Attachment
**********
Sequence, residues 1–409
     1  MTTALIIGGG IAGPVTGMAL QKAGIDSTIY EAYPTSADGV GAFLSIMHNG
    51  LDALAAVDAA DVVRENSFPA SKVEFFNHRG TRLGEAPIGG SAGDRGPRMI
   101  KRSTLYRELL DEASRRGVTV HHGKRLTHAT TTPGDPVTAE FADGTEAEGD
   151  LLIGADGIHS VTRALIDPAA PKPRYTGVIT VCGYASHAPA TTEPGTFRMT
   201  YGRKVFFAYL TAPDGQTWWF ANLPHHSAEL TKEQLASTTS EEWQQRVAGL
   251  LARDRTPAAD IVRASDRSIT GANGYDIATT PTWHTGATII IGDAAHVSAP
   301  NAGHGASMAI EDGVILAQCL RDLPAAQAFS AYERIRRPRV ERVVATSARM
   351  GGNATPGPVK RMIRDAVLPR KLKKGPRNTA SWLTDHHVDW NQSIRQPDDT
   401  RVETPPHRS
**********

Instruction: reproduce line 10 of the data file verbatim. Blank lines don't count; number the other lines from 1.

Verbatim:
   401  RVETPPHRS